Blog Neuroscience of Traumatic Memories: A Breakthrough in PTSD Research

Neuroscience of Traumatic Memories: A Breakthrough in PTSD Research

Researchers from Yale University and the Icahn School of Medicine at Mount Sinai have uncovered distinct pathways in the brain associated with traumatic memories, shedding light on the nature of post-traumatic stress disorder (PTSD) (Source: NY Times).

In a groundbreaking study published in the journal Nature Neuroscience, the team conducted brain scans on 28 individuals with PTSD while they listened to recorded narrations of their own memories.

The recorded memories varied in emotional content, ranging from neutral to “sad” and traumatic experiences such as sexual assaults, fires, school shootings, and terrorist attacks. The results revealed clear differences in brain activity.

When participants listened to sad memories, characterized by events like the death of a family member, the hippocampus, responsible for organizing and contextualizing memories, showed consistently high engagement.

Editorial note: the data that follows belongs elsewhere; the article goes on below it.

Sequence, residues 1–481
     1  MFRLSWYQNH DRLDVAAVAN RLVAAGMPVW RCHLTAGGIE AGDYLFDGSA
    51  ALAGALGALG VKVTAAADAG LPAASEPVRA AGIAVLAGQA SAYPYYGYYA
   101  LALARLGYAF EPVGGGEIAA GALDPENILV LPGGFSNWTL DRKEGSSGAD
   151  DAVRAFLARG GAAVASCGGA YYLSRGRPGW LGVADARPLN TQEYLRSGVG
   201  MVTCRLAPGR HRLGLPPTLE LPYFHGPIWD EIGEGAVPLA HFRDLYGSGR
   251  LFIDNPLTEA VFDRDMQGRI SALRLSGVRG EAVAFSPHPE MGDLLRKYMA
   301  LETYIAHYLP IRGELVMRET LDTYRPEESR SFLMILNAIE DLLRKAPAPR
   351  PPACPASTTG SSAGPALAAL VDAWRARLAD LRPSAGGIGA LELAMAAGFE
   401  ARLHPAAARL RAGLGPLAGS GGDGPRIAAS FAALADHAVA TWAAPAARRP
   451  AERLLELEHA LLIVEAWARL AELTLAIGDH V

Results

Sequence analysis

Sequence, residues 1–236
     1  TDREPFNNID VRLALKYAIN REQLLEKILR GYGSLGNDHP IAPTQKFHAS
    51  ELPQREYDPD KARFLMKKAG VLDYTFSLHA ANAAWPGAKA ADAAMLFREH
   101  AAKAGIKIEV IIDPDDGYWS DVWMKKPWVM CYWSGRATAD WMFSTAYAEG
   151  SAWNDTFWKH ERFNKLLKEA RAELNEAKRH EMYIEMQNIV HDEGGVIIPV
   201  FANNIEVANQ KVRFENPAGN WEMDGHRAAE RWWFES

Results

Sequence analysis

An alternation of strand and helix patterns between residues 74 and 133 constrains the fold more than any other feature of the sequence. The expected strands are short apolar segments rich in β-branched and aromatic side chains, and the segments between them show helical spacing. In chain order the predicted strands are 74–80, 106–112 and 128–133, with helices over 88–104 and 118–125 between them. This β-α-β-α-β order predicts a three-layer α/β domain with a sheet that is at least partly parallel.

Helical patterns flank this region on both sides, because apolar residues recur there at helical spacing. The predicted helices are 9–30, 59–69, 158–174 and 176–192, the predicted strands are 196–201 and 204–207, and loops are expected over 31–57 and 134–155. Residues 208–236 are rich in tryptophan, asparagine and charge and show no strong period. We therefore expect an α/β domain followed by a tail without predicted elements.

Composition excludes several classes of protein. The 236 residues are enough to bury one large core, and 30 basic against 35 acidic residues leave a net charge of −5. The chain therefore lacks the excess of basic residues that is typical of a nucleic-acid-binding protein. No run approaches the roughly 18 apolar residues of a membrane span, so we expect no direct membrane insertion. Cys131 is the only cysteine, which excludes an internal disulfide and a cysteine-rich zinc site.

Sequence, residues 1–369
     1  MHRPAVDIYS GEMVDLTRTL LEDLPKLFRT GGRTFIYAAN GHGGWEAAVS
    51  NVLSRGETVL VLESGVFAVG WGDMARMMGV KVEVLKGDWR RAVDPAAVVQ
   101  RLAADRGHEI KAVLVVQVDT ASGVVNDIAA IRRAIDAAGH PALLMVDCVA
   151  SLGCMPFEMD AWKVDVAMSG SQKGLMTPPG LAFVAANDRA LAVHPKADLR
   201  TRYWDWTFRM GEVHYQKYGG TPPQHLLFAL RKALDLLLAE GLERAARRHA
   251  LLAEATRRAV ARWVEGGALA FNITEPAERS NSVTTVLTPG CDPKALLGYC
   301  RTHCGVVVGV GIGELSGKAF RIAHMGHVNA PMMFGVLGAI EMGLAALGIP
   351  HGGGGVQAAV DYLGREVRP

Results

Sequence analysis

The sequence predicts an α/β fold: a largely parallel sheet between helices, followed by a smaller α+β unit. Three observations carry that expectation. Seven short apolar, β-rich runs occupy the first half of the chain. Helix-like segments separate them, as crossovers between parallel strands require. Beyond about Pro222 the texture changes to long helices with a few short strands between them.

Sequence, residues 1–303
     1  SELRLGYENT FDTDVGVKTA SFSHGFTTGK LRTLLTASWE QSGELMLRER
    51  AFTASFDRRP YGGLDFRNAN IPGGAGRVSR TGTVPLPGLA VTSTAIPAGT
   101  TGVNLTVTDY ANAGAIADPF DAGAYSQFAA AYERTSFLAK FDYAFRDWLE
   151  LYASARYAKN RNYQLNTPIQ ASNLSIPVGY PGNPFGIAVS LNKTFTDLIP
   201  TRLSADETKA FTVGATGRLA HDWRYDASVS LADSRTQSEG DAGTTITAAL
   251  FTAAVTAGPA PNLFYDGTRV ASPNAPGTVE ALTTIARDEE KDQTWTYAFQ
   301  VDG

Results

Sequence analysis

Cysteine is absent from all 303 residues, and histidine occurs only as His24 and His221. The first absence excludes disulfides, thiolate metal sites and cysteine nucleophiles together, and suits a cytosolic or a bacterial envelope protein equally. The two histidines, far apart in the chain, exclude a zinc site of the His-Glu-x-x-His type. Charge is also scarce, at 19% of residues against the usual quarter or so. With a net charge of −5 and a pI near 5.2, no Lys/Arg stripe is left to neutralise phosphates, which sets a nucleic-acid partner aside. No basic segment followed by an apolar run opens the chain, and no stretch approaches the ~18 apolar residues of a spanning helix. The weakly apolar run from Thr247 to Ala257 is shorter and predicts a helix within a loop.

However, when participants listened to traumatic memories, the hippocampus was not involved. Instead, the study suggests that traumatic memories are experienced differently in the brain, described as “fragments of prior events, subjugating the present moment.

This indicates that individuals with PTSD may not perceive traumatic memories as typical memories but rather as immediate and intrusive experiences.

Daniela Schiller, a neuroscientist at the Icahn School of Medicine at Mount Sinai and one of the study’s authors, highlighted the significance of these findings in understanding the brain’s state during traumatic memories.

The study challenges previous notions about PTSD treatment, suggesting that the brain in PTSD might not be in a state of memory but rather a state of present experience.

Dr. Ruth Lanius, director of PTSD research at the University of Western Ontario, who was not involved in the study, praised the findings as “seminal.

The research establishes that traumatic memories follow distinct pathways in the brain, potentially involving less-explored areas such as the posterior cingulate cortex, known for its role in reliving memories and seeking self-relevance.

These revelations open new avenues for understanding and developing targeted therapies for PTSD, offering a deeper insight into the intricate workings of traumatic memories and their impact on individuals’ experiences.

Also read

0 0 votes
Article Rating